Trudeau lashes out at Conservatives over migration “misinformation”

Warning against the “dangers of populism,” Trudeau says using immigration as a wedge political issue puts Canada’s future at risk.

Prime Minister Justin Trudeau takes part in a year end interview with The Canadian Press on Parliament Hill in Ottawa on Friday, Dec. 14, 2018. THE CANADIAN PRESS/Sean Kilpatrick

Prime Minister Justin Trudeau takes part in a year end interview with The Canadian Press on Parliament Hill in Ottawa on Friday, Dec. 14, 2018. THE CANADIAN PRESS/Sean Kilpatrick

Warning against the “dangers of populism,” Prime Minister Justin Trudeau says using immigration as a wedge political issue puts Canada’s future at risk.

During a wide-ranging interview with The Canadian Press, Trudeau said he believes a broad Canadian consensus holds that immigration is good for the country, in the face of growing opposition to it in other places.

The Liberal leader’s line suggests a theme for next year’s election campaign.

“The decision that the Conservatives have taken recently to, for example, go after the global compact on migration in a way that is deliberately and knowingly spreading falsehoods for short-term political gain and to drum up anxiety around immigration is irresponsible, is not the way we should be moving forward in a thoughtful way on one of the big issues that is facing our country,” Trudeau said.

The prime minister says he welcomes debate and discussion about immigration — as long as it sticks to meaningful areas of policy, such as the right number of immigrants to bring to Canada each year and how to properly integrate newcomers within the country.

“But the fearmongering, and the misinformation that is being deliberately and knowingly put out by the Conservative party right now, is very dangerous to something that has been an extraordinary advantage and benefit for Canada for generations,” he said.

Conservative Leader Andrew Scheer’s press secretary Brock Harrison said Trudeau’s comments demonstrate that he is failing to take responsibility for Canadians’ concerns about the border.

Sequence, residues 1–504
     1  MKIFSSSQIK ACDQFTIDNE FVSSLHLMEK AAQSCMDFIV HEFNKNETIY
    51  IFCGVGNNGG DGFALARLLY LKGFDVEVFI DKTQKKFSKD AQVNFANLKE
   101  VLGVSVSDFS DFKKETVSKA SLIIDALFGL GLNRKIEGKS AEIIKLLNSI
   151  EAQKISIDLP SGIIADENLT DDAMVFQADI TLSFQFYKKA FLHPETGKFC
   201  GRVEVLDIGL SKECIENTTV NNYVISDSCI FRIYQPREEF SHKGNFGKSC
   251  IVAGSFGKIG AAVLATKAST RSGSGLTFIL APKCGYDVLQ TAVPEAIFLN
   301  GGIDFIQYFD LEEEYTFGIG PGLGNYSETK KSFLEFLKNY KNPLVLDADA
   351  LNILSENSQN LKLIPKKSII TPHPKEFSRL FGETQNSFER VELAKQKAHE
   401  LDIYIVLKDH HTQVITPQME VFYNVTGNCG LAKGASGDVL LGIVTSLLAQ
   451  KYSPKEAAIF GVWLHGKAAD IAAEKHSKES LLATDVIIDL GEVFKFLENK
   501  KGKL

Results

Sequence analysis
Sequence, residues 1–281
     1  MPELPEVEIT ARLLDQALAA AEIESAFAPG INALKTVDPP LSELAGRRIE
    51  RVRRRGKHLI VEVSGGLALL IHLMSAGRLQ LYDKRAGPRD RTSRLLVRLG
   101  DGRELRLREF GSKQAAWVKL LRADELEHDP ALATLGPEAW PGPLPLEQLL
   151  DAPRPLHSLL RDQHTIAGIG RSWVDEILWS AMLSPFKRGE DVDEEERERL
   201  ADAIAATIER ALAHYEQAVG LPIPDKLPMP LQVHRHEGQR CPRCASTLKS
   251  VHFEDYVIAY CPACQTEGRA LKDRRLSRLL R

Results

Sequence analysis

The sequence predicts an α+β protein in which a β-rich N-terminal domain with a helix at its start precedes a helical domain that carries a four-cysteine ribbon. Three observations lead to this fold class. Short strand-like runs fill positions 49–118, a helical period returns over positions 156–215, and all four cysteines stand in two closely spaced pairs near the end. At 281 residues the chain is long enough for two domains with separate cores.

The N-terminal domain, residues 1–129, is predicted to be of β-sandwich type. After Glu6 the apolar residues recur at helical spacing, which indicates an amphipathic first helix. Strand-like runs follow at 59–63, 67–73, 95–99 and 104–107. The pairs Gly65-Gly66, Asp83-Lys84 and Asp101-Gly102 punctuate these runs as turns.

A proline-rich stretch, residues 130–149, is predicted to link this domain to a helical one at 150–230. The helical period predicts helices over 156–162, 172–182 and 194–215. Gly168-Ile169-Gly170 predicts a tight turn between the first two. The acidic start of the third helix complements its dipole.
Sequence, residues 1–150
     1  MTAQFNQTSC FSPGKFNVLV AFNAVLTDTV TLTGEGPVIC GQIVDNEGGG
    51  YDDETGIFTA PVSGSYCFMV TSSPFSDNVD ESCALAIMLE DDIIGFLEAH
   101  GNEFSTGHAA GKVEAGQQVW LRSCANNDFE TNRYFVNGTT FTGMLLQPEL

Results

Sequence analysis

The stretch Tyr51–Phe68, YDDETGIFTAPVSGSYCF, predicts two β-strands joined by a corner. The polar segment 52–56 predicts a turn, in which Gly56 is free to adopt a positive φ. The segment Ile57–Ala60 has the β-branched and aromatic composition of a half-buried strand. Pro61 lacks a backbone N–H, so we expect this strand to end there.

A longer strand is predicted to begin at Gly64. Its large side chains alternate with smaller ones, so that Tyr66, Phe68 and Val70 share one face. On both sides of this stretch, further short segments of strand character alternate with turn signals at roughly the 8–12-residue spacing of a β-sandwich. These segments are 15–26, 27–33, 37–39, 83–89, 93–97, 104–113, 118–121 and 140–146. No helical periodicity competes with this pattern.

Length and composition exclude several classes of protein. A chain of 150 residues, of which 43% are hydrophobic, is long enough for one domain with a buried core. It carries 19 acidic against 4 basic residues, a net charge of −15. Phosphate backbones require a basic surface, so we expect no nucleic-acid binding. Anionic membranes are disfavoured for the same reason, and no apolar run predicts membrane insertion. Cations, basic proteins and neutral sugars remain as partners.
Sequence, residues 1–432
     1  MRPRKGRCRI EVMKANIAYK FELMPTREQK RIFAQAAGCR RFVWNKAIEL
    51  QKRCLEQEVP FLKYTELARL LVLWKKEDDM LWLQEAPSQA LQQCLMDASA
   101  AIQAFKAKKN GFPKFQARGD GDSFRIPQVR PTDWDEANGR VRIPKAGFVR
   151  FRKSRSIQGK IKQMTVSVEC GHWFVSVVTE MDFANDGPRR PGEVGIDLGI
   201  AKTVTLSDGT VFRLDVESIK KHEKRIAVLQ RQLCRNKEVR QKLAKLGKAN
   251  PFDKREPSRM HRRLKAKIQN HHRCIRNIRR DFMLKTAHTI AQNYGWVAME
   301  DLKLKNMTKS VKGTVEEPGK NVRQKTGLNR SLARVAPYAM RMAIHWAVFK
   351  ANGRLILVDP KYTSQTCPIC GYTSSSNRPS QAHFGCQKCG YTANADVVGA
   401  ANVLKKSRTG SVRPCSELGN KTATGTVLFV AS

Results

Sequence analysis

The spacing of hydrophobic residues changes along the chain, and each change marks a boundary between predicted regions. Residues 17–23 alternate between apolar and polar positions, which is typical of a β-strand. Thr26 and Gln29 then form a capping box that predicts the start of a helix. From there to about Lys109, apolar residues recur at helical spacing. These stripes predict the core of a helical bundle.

“He resorts to personal attacks and phoney arguments whenever he’s criticized for it,” Harrison said. “Conservatives will continue to hold him to account over the lengthy delays in processing and billions in added costs caused by his failure to secure the border.”

Read more: Trudeau names four new senators, filling every seat in the Senate

Read more: Trudeau to make it harder for future PM to reverse Senate reforms

Last week, Canada joined 164 countries in signing the UN Global Compact for Safe, Orderly and Regular Migration. It is the first large-scale agreement to cover all dimensions of international migration and is aimed at improving co-operation.

But the pact has incited protest, particularly in Eastern Europe, where a number of far-right groups and political parties have used the compact to fan public concern over a historic increase in the number of migrants and displaced people fleeing wars, persecution and violence in their home countries — or, in some cases, seeking better economic opportunities.

Scheer came out strongly against the compact on the grounds that it would give foreign entities influence over Canada’s immigration system, claims that have been rejected by many immigration-law experts.